Perhaps not the last word on Stone but essential for students and fans of the writer’s works.

CHILD OF LIGHT

A BIOGRAPHY OF ROBERT STONE

Comprehensive life of the late novelist Robert Stone (1937-2015), victim and chronicler of an excessive era.

“Nothing is free.” So, writes novelist Bell (Behind the Moon, 2017, etc.), ran a mantra of Stone’s. It’s fitting. Stone grew up fatherless, with a mother who may have been schizophrenic, in and out of orphanages and shelters, and he responded with a need to fight for every achievement. So he did, joining a gang, showing up drunk to high school—and somehow arriving in Wallace Stegner’s famed writing workshop at Stanford. There, Stone fell in with the likes of Ken Kesey and Neal Cassady and spent much of the 1960s zonked out, lending irony to the subtitle of his memoir Prime Green: Remembering the Sixties. But as Bell clearly shows, Stone was still capable of marvels: His Vietnam War novel Dog Soldiers, published in 1974, was “regarded as the definitive work of fiction on the war by readers who found it both curious and curiously appropriate that only a small percentage of its action took place in Vietnam, and practically none of it in combat.” Other hallmark novels were Children of Light and A Flag for Sunrise, a Pulitzer finalist. Stone arrived at a state of solvency and relative fame in midcareer, hampered only by his prodigious appetites: The end of the 1990s found him suffering from many illnesses, some self-wrought, as his “drug and alcohol problems were still hovering at crisis level.” Bell’s approach seems formulaic after a time: He writes of a period of time, offers a sometimes-too-detailed summary of the plot of a given book or story, surveys the criticism (Michiko Kakutani being a special bête noire), and finally looks at the till. It’s a lot of inside baseball. Though perhaps too much for civilian readers, the business end in particular will fascinate working writers. For all Stone’s flaws, Bell makes a solid case for the importance of his work.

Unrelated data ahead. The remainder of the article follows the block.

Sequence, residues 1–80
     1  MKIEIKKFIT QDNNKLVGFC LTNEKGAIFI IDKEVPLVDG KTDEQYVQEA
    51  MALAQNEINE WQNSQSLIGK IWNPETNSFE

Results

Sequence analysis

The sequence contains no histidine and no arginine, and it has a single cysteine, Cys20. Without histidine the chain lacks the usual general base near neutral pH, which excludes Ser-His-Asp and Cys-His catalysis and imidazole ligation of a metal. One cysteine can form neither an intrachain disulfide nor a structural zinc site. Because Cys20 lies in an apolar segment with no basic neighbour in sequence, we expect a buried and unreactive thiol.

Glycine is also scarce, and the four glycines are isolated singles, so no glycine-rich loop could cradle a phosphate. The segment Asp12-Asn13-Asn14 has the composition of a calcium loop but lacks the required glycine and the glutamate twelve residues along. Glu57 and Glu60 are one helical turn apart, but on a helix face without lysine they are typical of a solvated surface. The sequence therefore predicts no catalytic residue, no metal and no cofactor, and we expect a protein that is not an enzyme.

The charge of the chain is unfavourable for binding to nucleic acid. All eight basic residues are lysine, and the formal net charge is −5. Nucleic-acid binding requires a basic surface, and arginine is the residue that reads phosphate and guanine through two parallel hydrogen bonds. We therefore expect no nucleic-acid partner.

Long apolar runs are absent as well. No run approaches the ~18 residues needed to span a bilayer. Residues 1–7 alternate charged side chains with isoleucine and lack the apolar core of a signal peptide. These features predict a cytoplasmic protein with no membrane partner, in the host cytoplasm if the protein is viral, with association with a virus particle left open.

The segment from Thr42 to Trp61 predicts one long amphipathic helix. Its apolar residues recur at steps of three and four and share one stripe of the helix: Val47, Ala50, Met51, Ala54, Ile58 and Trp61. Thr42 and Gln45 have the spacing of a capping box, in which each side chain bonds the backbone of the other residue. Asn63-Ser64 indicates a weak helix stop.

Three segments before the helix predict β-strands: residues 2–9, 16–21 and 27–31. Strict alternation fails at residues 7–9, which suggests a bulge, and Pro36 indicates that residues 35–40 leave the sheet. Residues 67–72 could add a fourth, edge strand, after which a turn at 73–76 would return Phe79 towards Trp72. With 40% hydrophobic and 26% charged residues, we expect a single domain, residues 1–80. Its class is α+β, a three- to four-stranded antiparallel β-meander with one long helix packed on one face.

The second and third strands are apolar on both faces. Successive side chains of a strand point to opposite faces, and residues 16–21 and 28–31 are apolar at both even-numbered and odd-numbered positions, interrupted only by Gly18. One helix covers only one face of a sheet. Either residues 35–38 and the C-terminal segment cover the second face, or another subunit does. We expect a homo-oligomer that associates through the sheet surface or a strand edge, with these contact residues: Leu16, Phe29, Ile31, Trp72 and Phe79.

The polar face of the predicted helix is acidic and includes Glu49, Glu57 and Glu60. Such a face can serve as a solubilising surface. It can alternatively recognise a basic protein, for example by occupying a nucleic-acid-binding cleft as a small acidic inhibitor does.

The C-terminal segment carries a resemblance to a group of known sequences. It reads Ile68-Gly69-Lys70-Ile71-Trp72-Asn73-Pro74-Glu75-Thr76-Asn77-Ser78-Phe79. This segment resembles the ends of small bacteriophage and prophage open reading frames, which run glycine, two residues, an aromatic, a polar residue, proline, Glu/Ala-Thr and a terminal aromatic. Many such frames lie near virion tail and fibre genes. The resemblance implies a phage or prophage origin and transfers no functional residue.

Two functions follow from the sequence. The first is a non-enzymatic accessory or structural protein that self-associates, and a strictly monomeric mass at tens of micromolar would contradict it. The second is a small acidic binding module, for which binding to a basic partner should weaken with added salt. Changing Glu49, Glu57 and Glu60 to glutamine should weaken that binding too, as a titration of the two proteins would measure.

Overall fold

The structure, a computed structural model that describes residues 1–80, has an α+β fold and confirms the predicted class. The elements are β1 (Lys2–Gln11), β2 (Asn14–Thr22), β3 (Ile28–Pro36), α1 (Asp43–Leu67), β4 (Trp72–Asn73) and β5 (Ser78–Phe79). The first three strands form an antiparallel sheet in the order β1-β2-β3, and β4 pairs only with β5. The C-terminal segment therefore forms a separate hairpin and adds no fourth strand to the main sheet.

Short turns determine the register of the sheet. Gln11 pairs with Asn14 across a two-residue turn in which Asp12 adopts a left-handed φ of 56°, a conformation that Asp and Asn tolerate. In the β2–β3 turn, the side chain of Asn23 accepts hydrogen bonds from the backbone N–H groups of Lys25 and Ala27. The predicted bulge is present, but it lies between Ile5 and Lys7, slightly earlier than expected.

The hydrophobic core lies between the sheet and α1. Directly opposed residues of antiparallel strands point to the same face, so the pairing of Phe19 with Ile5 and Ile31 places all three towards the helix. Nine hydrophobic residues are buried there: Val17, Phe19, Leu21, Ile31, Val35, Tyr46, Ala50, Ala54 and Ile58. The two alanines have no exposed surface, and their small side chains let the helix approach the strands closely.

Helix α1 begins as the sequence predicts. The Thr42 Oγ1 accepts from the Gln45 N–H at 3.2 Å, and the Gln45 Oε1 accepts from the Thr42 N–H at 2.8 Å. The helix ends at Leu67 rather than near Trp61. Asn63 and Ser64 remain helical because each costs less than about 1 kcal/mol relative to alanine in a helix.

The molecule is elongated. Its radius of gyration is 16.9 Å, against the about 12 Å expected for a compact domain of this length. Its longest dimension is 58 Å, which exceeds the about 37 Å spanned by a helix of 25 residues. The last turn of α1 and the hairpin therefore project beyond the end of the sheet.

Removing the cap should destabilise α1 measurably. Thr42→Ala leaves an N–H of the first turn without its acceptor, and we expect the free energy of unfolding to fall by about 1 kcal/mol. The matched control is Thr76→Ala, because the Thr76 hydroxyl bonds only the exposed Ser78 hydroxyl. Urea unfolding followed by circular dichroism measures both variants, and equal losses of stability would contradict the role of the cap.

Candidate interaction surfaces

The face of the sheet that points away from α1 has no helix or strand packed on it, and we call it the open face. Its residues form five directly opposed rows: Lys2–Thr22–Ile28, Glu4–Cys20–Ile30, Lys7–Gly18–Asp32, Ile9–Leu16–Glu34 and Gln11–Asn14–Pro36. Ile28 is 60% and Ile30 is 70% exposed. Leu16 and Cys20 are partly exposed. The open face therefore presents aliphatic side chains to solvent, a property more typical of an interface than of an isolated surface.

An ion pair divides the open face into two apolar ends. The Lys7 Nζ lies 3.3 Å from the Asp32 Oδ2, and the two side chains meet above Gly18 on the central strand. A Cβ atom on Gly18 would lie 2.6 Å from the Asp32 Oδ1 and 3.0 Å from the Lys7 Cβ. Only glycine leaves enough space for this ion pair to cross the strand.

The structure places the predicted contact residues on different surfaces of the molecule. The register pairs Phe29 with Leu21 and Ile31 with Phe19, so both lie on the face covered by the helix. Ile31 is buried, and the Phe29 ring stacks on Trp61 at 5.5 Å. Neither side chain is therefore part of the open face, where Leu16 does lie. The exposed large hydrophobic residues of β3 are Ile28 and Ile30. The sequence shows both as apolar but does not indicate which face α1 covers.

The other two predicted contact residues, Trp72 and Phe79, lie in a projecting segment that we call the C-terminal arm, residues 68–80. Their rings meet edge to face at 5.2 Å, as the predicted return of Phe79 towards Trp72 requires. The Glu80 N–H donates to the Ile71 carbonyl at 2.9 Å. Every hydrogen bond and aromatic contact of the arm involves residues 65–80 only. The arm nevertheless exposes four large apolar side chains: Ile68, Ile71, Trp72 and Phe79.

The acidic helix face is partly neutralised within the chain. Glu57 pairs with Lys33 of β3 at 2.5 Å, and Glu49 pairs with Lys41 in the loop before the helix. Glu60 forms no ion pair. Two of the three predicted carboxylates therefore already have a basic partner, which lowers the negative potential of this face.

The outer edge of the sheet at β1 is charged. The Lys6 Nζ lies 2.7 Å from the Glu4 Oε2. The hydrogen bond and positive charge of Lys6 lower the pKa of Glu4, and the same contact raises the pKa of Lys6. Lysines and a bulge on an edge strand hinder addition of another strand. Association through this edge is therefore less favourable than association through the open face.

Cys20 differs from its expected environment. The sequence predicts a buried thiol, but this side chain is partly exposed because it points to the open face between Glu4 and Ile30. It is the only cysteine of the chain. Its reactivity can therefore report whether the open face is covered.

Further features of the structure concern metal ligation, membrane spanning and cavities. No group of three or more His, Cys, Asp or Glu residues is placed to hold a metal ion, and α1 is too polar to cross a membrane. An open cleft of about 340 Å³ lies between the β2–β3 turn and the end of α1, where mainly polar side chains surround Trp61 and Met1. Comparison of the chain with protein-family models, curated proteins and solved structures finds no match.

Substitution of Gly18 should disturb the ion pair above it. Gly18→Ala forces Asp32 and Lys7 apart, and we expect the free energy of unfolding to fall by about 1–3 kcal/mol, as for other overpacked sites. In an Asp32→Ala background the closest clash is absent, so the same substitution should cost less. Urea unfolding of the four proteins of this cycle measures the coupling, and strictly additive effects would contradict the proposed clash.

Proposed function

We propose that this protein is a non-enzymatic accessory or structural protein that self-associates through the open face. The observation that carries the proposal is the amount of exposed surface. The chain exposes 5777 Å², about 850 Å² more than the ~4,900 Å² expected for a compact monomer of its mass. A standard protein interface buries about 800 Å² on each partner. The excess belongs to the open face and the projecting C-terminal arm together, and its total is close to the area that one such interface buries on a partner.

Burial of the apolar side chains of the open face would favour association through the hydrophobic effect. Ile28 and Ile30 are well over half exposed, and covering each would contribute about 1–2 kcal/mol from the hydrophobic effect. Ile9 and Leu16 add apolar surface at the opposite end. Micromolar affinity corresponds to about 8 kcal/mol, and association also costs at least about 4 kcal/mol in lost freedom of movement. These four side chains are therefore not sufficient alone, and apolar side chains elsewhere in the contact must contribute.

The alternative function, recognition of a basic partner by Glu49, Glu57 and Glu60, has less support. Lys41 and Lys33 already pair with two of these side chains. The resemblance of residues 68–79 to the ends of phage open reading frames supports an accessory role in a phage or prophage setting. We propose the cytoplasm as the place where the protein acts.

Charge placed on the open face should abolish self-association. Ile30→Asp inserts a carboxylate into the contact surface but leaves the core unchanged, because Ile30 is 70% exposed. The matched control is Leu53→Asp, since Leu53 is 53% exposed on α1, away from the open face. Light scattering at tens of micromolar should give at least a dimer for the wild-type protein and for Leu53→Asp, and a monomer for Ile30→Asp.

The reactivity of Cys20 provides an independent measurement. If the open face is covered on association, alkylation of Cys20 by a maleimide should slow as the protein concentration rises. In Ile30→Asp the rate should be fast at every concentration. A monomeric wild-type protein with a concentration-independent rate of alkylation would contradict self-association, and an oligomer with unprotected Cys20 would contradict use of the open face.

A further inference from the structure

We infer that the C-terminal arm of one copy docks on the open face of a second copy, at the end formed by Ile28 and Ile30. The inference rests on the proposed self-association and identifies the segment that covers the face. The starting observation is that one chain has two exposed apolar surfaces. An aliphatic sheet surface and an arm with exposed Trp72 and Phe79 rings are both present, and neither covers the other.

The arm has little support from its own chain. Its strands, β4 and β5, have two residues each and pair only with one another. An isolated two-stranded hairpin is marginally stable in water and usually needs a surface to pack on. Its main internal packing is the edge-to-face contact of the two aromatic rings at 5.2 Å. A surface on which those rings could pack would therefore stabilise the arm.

Perhaps not the last word on Stone but essential for students and fans of the writer’s works.

Pub Date: March 17, 2020

ISBN: 978-0-385-54160-2

Page Count: 608

Publisher: Doubleday

Review Posted Online: Oct. 23, 2019

Kirkus Reviews Issue: Nov. 15, 2019

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An engrossing memoir as well as a lively treatise on what extraordinary grace under extraordinary pressure looks like.

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BECOMING

The former first lady opens up about her early life, her journey to the White House, and the eight history-making years that followed.